By 1800, the United States had the first two-party system in the world. The First Party System was built around foreign policy issues that vanished with the defeat of Napoleon and the compromise settlement of the War of 1812. Furthermore, the fears that Federalists were plotting to reintroduce aristocracy dissipated. Thus an "Era of Good Feelings" under James Monroe replaced the high-tension politics of the First Party System about 1816. Personal politics and factional disputes could occasionally still get nasty, but Americans no longer thought of themselves in terms of political parties.

Historians have debated the exact ending of the system. [Skeen (1993), p. 77] Most concluded it petered out by 1820. The little state of Delaware, largely isolated from the larger political forces controlling the nation, saw the First Party System continue well into the 1820s, with the Federalists occasionally winning some offices. For the rest of the nation, the contributions of the founding fathers of political parties had been completed—and thus it seems symbolic that Adams and Jefferson died on the same day (4 July 1826), even on their deathbeds acknowledging the other's remarkable contributions.

Legitimacy of a party system

Alexander Hamilton felt that only by mobilizing its supporters on a daily basis in every state on many issues could support for the government be sustained through thick and thin. Newspapers were needed to communicate inside the party; patronage helped the party's leaders and made new friends. Hamilton, and especially Washington, distrusted the idea of an opposition party, as shown in George Washington's Farewell Address of 1796. They thought opposition parties would only weaken the nation. By contrast Jefferson was the main force behind the creation and continuity of an opposition party. He deeply felt the Federalists represented aristocratic forces hostile to true republicanism and the true will of the people, as he explained in a letter to Henry Lee in 1824:Hofstadter (1970) shows it took many years for the idea to take hold that having two parties is better than having one, or none. That transition was made possible by the successful passing of power in 1801 from one party to the other. Although Jefferson systematically identified Federalist army officers and officeholders, he was blocked from removing all of them by protests from republicans. The Quids complained he did not go far enough.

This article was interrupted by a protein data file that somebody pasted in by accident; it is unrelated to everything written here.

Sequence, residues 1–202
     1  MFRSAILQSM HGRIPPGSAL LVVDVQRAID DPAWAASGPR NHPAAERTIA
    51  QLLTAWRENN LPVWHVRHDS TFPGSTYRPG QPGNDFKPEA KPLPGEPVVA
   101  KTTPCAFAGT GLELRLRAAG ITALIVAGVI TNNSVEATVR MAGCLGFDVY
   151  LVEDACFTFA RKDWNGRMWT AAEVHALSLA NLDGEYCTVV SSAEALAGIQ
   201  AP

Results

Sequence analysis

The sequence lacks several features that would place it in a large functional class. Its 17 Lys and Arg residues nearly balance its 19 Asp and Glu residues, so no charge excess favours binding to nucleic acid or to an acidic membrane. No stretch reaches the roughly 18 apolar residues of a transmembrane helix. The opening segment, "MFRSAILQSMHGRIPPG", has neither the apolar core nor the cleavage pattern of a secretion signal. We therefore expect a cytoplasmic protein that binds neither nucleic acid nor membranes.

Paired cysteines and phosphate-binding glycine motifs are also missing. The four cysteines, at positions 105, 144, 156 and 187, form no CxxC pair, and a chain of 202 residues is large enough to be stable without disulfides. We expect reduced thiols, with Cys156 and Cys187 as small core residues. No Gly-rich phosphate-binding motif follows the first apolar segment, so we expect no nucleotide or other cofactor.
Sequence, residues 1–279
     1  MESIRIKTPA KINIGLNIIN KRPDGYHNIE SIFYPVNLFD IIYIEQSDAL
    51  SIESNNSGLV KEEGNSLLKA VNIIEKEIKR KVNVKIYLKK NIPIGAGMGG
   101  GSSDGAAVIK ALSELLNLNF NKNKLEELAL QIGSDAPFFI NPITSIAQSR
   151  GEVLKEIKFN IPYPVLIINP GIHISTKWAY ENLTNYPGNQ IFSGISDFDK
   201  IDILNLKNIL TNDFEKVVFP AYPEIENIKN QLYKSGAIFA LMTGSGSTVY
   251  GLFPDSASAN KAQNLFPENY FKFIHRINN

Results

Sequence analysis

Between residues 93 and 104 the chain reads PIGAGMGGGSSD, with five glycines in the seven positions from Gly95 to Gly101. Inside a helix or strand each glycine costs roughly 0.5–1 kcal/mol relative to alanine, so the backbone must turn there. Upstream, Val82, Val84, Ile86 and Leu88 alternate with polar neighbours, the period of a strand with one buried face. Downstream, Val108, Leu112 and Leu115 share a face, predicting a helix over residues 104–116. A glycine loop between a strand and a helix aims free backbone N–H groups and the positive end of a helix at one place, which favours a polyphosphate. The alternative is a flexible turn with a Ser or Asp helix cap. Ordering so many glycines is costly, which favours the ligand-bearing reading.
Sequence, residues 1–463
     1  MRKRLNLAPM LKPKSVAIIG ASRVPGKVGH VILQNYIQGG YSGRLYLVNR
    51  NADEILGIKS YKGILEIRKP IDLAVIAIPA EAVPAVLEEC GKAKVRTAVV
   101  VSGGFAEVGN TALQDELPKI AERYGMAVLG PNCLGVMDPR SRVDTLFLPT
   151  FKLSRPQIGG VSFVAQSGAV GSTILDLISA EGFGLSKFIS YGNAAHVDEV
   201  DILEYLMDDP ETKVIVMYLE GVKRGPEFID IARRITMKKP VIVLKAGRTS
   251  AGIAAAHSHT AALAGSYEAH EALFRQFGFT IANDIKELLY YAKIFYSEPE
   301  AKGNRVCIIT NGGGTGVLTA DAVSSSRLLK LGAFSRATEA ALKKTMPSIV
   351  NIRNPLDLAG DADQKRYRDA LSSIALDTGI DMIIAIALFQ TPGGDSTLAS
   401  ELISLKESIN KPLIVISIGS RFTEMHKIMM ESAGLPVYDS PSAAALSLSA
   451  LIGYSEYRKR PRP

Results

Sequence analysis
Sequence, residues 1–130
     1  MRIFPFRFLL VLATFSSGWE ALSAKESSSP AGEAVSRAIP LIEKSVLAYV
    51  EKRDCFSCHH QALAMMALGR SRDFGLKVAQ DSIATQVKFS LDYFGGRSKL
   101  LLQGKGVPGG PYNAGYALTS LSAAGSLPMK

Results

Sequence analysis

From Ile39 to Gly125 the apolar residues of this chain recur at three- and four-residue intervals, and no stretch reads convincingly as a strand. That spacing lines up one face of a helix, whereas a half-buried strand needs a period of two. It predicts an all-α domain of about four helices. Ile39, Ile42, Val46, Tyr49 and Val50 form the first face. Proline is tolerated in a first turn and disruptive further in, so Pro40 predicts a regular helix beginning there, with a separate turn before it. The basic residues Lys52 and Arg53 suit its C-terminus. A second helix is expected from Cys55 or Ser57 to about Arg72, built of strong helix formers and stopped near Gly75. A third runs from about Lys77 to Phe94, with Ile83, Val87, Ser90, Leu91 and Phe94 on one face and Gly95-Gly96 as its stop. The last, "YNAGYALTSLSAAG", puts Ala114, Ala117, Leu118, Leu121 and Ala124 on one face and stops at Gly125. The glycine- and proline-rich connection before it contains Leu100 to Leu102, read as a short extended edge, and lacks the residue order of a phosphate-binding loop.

ee also

*American election campaigns in the 19th century
*Second Party System


* "Encyclopedia of the New American Nation, 1754–1829" ed. by Paul Finkelman (2005), 1600 pp.
* Banning, Lance. "The Jeffersonian Persuasion: Evolution of a Party Ideology" (1978)
* Ben-Atar, Doron and Barbara B. Oberg, eds. "Federalists Reconsidered" (1999), topical essays by scholars
* Beard, Charles A. "The Economic Origins of Jeffersonian Democracy" (1915) [ online edition]
* Bowling, Kenneth R. and Donald R. Kennon, eds. "Perspectives on the History of Congress, 1789-1801." (2000)
* Brown, Roger H. "The Republic in Peril: 1812" (1964), stresses intense hostility between partisans [ online edition]
* Brown; Stuart Gerry. "The First Republicans: Political Philosophy and Public Policy in the Party of Jefferson and Madison" Syracuse University Press. (1954) [ online] .